BACKGROUND: Non-suicidal self-injury and suicide attempts are increasing problems among American adolescents. This study developed a definition for identifying intentional self-harm (ISH) injuries in emergency department (ED) records coded with International Classification of Diseases, 10th Revision, Clinical Modification (ICD-10-CM) codes. The definition is based on the injury-reporting framework proposed by the Centers for Disease Control and Prevention. The study sought to estimate the definition's positive predictive value (PPV), and the proportion of ISH injuries with intent to die (i.e., suicide attempt).
METHODS: The study definition, based on first-valid external cause-of-injury ICD-10-CM codes X71-X83, T14.91, T36-T65, or T71, captured 207 discharge records for initial encounters for ISH in one Kentucky ED. Medical records were reviewed to confirm provider-documented diagnosis for ISH, and identify intent to die or suicide ideation. The PPV of the study definition for capturing provider-documented ISH injuries was reported with its 95% confidence interval (95% CI).
RESULTS: The estimated PPV for the study definition to capture ISH injuries was 88.9%, 95% CI (83.8%, 92.8%). The estimated percentage of ISH with intent to die was 45.9, 95% CI (47.1, 61.0%). The ICD-10-CM code "suicide attempt" (T14.91) captured only 7 cases, but coding guidelines restrict assignment of this code to cases in which the mechanism of the suicide attempt is unknown.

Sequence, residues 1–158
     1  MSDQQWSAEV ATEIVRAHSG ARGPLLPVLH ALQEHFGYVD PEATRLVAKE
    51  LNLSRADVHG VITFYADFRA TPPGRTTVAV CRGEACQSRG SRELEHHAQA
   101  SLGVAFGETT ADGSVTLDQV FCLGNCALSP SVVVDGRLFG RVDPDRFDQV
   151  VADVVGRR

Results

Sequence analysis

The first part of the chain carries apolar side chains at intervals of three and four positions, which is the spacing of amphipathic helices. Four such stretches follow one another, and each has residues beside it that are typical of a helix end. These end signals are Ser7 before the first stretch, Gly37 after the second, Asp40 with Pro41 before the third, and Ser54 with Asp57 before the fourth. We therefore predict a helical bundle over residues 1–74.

CONCLUSIONS: The proposed case definition supported a robust PPV for ISH injuries. Our findings add to the evidence that the current ICD-10-CM coding system and coding guidelines do not allow identification of ISH with intent to die; modifications are needed to address this issue.
Digital Object Identifier (DOI)
This study was funded by the Centers for Disease Control and Prevention, award number 5NU17CE924846–05.
Hansen, Anna; Slavova, Dessi; Cooper, Gena; Zummer, Jaryd; and Costich, Julia, "An Emergency Department Medical Record Review for Adolescent Intentional Self-Harm Injuries" (2021). Emergency Medicine Faculty Publications. 6.